This is the single best thing about striker fired handguns. Like rifles, nobody can tell at a glance if they're cocked or not. If an exposed hammer is to the rear, it doesn't matter to the spring, but everybody from Sergeant Major Smith to Cletus the Hillbilly Hunter just HAS to lower that hammer because...apparently they think it's doing something bad to the spring?
When I finally transitioned over from the revolver to the semi-auto in 2002, I decided to carry a full-size 1911, due mainly to long familiarity with the pistol. I carried it in a Safariland SLS holster, which was the state of the art at the time. Of course, in that holster, the only way to carry was cocked-and-locked, but I also had long familiarity with that condition.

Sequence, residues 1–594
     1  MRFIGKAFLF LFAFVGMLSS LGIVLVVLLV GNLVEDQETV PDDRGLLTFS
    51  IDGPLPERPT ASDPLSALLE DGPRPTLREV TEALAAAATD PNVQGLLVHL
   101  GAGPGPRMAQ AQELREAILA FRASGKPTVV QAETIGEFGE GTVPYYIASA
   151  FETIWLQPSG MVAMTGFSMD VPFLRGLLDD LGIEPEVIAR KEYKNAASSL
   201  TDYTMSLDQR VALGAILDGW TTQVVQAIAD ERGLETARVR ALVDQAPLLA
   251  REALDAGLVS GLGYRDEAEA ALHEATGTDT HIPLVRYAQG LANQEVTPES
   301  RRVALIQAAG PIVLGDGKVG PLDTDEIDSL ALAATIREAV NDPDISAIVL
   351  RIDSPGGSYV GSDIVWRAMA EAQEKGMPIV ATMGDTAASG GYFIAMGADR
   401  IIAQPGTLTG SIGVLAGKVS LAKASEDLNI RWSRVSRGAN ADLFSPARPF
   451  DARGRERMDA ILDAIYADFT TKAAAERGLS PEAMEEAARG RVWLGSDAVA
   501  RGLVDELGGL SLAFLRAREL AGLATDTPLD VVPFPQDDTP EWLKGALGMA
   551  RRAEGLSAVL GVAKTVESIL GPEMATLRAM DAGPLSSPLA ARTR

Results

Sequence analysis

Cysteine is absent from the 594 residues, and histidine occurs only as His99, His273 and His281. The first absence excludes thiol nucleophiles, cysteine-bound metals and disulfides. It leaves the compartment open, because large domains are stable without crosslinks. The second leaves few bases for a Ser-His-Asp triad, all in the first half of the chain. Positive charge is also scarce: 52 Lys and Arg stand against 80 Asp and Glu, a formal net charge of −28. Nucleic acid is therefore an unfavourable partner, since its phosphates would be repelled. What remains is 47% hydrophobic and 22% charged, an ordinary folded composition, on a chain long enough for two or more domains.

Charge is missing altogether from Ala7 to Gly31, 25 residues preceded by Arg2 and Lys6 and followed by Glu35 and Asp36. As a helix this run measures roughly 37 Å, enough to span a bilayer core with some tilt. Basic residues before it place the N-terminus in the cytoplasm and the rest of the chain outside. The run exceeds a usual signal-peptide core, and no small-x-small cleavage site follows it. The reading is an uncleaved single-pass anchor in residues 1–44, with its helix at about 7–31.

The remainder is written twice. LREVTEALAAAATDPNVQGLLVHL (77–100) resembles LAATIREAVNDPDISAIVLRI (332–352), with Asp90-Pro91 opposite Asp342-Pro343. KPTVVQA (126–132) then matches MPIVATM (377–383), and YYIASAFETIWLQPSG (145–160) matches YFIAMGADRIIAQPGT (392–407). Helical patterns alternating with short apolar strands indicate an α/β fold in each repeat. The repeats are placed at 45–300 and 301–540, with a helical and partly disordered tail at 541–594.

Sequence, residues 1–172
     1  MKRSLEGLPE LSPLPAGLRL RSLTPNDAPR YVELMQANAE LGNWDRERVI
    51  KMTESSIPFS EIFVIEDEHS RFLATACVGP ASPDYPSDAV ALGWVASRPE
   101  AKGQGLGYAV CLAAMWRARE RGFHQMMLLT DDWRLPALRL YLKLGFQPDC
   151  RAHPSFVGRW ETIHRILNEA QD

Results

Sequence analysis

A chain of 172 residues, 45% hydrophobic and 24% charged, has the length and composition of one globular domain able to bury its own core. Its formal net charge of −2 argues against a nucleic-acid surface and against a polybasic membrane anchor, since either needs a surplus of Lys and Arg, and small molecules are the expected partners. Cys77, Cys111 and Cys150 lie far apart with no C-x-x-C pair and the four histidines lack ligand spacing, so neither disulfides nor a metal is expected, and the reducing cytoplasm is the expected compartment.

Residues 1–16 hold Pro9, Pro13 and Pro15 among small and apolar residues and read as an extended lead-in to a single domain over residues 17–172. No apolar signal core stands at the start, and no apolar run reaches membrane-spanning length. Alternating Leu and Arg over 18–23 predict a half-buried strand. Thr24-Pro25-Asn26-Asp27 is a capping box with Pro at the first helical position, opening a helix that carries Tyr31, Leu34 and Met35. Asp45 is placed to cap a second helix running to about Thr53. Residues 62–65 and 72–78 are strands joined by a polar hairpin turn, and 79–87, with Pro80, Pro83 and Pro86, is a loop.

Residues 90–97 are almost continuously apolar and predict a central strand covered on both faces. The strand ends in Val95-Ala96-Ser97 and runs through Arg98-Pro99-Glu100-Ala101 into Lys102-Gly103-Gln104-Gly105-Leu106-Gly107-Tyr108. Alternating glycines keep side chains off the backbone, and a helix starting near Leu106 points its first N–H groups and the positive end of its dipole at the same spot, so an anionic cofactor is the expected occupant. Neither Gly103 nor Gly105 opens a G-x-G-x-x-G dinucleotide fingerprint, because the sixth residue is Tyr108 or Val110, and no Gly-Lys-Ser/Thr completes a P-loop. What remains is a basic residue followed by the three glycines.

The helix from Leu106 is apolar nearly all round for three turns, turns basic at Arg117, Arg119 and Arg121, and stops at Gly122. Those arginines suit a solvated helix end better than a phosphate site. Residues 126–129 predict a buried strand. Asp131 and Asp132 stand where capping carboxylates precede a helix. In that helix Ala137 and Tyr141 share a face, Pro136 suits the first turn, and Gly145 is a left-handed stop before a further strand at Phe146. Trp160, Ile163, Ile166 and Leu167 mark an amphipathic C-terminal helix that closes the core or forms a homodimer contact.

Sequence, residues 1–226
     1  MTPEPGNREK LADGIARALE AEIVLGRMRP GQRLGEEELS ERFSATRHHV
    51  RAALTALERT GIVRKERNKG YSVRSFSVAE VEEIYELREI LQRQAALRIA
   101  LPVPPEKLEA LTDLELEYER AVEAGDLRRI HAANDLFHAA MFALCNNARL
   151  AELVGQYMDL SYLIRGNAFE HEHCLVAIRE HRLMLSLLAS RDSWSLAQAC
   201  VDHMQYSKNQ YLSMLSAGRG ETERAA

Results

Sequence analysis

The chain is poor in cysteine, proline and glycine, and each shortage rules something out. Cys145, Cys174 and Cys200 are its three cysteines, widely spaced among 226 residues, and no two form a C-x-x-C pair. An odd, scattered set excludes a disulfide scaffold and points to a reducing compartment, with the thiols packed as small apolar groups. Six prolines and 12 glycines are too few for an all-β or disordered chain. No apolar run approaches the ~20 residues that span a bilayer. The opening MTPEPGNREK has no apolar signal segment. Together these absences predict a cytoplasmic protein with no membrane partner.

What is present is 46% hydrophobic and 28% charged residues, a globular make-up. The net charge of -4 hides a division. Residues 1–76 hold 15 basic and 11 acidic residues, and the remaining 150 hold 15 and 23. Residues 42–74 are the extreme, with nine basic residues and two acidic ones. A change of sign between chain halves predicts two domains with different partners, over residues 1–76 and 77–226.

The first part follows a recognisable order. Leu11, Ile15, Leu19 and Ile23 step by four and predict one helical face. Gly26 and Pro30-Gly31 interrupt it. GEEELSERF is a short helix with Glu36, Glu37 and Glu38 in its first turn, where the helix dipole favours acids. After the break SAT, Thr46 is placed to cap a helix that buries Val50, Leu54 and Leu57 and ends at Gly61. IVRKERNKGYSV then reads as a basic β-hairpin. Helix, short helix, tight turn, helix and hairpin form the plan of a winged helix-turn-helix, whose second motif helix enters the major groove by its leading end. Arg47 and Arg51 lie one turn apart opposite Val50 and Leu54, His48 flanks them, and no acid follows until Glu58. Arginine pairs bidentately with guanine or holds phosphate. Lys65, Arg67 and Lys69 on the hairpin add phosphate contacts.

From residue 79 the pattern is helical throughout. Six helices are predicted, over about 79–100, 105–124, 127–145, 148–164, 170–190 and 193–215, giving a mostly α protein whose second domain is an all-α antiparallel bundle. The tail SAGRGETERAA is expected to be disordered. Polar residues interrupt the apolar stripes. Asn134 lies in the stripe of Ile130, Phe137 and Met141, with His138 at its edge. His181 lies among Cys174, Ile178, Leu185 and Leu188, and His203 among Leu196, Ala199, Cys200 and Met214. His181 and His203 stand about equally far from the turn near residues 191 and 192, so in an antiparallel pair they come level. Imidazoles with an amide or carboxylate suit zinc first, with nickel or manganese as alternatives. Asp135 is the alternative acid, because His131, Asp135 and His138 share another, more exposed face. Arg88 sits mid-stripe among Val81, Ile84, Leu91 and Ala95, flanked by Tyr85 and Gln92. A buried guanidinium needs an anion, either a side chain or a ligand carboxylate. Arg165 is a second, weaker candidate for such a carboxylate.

I was working a high school then, and ate lunch with the coaching staff. One day, sitting at the table, the head coach happened to notice that my pistol had the hammer back, cocked in the holster.
"Your pistol is cocked," he said, "Isn't that dangerous?"
"Of course, it's dangerous, Coach." I replied. "It's a gun. It's supposed to be dangerous."
We finished lunch, and I tried to impress upon him that he was in no danger from the gun firing accidentally. I don't think I succeeded. Because cocked guns are gangerous.